Defining Boar’s Head

Charlottesville, Virginia is a beautiful town in a lovely part of the country. They’ve gotten some bad press lately due to divisive protests initiated by outside forces.  I hope the coverage doesn’t keep visitors away from this generally genteel community with its gently rolling hills and scattered horse farms. The area also has both feet firmly planted in the history of this country.

The Boar’s Head Inn is an interesting historic hotel, with a history dating back to the 1700’s.  The exact location first served as a welcoming spot for travelers in 1759, as an inn named Terrell’s Ordinary. In the early 1800s, Thomas Jefferson convinced a friend to move to the area and purchase the land.  Through the 1900s the estate was known as “Birdwood” and was owned by Henry Fonda at one point in its storied past.  Today, the remaining 573 acres and facilities are owned by the University of Virginia Foundation.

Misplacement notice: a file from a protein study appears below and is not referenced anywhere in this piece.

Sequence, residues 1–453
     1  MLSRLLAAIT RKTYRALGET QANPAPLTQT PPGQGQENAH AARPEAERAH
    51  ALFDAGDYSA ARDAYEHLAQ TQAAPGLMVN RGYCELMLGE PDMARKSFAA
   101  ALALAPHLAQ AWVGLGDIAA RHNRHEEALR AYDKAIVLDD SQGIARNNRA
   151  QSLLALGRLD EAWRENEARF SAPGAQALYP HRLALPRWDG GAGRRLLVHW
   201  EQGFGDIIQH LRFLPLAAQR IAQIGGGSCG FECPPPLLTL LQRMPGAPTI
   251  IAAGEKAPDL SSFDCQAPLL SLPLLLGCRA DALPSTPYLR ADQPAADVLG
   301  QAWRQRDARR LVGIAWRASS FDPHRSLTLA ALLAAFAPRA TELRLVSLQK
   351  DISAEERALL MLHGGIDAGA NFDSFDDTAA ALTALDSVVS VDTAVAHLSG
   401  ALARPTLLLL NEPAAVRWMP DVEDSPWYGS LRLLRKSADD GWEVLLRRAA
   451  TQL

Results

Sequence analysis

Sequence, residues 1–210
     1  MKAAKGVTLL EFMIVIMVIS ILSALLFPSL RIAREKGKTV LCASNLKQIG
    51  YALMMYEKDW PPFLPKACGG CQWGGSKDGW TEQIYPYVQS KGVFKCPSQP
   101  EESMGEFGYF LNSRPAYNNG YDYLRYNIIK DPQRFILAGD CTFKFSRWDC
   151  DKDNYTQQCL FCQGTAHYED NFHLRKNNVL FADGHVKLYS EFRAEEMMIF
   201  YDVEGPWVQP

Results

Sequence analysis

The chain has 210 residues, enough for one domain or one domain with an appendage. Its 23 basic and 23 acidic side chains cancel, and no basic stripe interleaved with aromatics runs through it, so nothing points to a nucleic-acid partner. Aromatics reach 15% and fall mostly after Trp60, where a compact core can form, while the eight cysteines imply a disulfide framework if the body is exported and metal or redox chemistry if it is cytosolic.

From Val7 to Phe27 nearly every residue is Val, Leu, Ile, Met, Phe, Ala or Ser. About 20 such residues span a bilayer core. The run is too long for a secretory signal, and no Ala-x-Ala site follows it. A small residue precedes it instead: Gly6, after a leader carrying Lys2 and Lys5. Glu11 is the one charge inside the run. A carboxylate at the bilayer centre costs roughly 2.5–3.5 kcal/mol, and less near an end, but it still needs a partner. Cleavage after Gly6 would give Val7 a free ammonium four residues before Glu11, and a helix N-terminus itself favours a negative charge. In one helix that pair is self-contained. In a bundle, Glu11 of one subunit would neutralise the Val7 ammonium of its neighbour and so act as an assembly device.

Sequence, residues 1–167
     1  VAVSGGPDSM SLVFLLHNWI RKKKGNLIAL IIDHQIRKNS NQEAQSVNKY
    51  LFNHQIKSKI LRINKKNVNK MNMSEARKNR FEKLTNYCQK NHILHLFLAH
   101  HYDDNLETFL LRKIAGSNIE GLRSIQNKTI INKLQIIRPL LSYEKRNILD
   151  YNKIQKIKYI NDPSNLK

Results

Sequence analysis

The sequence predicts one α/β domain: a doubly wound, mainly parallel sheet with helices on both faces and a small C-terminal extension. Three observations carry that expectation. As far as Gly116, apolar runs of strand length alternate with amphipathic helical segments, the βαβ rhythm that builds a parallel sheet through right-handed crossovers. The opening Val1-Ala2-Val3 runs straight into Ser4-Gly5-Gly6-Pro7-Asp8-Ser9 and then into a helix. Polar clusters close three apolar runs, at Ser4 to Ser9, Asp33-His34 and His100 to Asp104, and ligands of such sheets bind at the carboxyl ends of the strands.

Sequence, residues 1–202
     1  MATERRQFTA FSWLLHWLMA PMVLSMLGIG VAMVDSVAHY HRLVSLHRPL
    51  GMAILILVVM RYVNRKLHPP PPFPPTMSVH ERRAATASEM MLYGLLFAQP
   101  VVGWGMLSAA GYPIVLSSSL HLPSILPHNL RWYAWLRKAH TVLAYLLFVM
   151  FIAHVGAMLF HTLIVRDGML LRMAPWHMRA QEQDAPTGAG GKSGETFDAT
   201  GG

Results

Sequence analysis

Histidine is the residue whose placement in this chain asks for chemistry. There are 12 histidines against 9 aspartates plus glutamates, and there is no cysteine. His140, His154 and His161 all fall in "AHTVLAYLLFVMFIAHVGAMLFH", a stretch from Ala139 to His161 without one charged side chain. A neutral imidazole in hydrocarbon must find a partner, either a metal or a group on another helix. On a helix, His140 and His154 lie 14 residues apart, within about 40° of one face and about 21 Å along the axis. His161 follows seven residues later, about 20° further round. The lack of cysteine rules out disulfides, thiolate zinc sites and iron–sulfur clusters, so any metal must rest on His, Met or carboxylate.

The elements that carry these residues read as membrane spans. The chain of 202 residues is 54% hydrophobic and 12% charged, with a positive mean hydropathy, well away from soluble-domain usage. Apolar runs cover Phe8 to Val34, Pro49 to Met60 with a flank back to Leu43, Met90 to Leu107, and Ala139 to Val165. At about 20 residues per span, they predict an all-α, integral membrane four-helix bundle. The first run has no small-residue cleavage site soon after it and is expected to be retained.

Of Note: There is no connection with Boar’s Head Provision Company (famous for the meats and cheeses so many of us enjoy). The logo for the resort used to display a boar with a left tusk and the Provision Company a boar with a right tusk. I’ve seen references the Florida-based Provision Company objected to the Inn’s use of the boar artwork, but maybe UVA simply didn’t want to extend the meat-supplier’s brand . . . . in any case, the Inn no longer uses an image of a boar as part of its logo.  But you can still see this handsome fellow just inside the front door of the Inn.

Posted on October 10, 2017, in Historic Interest, USA and tagged , , , , . Bookmark the permalink. Leave a comment.

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